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Hong Kong ScreenscapesFrom the New Wave to the Digital Frontier$
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Esther M. K. Cheung, Gina Marchetti, and See-Kam Tan

Print publication date: 2010

Print ISBN-13: 9789888028566

Published to Hong Kong Scholarship Online: September 2011

DOI: 10.5790/hongkong/9789888028566.001.0001

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PRINTED FROM HONG KONG SCHOLARSHIP ONLINE (www.hongkong.universitypressscholarship.com). (c) Copyright Hong Kong University Press, 2017. All Rights Reserved. Under the terms of the licence agreement, an individual user may print out a PDF of a single chapter of a monograph in HKSO for personal use (for details see http://www.hongkong.universitypressscholarship.com/page/privacy-policy).date: 18 December 2017

The Mistress and Female Sexuality

The Mistress and Female Sexuality

Chapter:
(p.239) 16 The Mistress and Female Sexuality
Source:
Hong Kong Screenscapes
Author(s):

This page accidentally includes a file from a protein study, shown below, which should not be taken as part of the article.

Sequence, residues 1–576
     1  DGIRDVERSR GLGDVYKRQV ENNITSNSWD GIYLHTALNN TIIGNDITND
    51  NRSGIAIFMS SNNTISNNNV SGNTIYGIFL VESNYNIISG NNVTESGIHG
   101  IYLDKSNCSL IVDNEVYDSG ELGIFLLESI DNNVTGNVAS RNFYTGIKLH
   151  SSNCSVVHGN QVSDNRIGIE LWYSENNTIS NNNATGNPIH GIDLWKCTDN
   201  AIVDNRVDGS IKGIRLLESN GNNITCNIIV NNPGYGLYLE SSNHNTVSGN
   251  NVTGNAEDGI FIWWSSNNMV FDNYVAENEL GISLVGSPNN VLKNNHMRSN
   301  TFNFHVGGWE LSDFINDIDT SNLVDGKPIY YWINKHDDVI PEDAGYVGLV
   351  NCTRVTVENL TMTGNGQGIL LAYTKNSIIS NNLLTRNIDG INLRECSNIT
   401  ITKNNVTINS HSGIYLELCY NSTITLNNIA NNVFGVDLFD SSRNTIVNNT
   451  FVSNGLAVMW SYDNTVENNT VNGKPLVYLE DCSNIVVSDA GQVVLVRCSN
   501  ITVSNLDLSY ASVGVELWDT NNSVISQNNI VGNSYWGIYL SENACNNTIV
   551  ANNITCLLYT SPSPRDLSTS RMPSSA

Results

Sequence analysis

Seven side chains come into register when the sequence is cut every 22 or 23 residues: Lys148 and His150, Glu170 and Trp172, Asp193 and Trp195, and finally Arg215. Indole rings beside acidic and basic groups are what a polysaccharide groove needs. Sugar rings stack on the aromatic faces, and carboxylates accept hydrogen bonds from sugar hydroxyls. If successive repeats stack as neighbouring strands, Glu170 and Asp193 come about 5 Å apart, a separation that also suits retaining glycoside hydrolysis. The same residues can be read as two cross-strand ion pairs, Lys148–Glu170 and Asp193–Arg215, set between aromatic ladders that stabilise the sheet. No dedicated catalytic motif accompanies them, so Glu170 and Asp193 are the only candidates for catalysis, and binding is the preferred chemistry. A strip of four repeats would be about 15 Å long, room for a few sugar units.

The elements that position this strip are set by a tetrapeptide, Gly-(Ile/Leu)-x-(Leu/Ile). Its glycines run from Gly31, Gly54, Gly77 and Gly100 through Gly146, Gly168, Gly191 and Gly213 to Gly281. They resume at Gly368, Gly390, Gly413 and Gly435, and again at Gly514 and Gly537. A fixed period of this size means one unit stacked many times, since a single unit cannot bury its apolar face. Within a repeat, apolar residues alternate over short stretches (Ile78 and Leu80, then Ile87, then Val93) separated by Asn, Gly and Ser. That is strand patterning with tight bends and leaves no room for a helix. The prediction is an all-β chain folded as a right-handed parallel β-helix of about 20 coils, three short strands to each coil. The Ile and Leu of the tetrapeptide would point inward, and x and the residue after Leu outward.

Patricia Brett Erens

Publisher:
Hong Kong University Press
DOI:10.5790/hongkong/9789888028566.003.0016

Crystal Kwok's film, The Mistress, replaces male fantasy and the male gaze with female desire and a female subject position. However, it was not surprising that when it was shown commercially, the few members in the audience were all male, probably misled by the title and the Category Three rating. This chapter situates The Mistress within the context of feminist filmmaking. When the Second Wave Feminism was developing in the late 1960s and early 1970s, especially in the United States, there was a good deal of writing and debate over whether or not we could identify a feminine aesthetic in works produced by women—painting, sculpture, film, and the other arts. For the purpose of clarification, the chapter defines “feminine” as any work that consciously or unconsciously deals with the lives of women or reflects the female experience. Such works could, of course, also be produced by men.

Keywords:   Crystal Kwok, The Mistress, male fantasy, female desire, female subject, filmmaking, Second Wave Feminism

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